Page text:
Carolina Day School

Honors Papers 2021-22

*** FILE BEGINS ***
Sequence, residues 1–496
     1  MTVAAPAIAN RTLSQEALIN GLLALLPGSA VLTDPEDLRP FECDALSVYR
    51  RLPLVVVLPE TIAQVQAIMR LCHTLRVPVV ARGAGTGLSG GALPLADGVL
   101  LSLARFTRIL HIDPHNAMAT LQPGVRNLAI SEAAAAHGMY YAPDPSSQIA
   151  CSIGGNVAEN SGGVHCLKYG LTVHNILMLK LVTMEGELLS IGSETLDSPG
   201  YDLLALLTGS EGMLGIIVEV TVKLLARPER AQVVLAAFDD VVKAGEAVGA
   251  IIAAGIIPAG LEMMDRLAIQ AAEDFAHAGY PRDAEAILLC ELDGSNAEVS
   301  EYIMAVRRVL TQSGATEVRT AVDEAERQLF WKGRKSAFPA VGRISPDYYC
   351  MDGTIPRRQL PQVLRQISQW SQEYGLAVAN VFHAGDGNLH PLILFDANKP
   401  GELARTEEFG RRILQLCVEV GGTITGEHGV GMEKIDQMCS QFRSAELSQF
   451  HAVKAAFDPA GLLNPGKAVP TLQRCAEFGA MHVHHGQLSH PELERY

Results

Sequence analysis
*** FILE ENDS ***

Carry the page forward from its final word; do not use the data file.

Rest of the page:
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Koon1 Louisa Koon Ms. Pyeatt Rhet and Comp 1 26 April 2021 Silence and Speech Chimamanda Ngozi Adichie's highly praised novel, Purple Hibiscus, follows the story of fifteen-year old Kambili Achike as she begins to separate her beliefs from those of her father and gain her independence. Set in early modern Nigeria—a period plagued with government corruption and citizen uprisings—Kambili begins to understand the meaning of defiance and what it truly means to be free. This coming of age story, told through the eyes of a teenage girl, presents issues that are still present in today's society through the variety of motifs and symbols that are woven into the plot of Purple Hibiscus. Silence and speech are two of the most important motifs the author contrasts throughout the novel, both personally and politically, to highlight a recurring theme of freedom. In the Achike family, Papa's dominance controls every aspect of the family's everyday lives, often overpowering their own voices and beliefs. The concept of religion is brought up throughout the novel and plays a large role in Kambili's life, both physically and spiritually. Kambili and her brother, Jaja, are raised in a strict household with high expectations from their father. Early in the novel, the reader gathers that Papa is a very austere, traditional character to whom religion and public image are very important. His sister, Aunty Ifeoma, describes him as a "colonial product:" someone who has bought too much into the colonial mindset. Papa's

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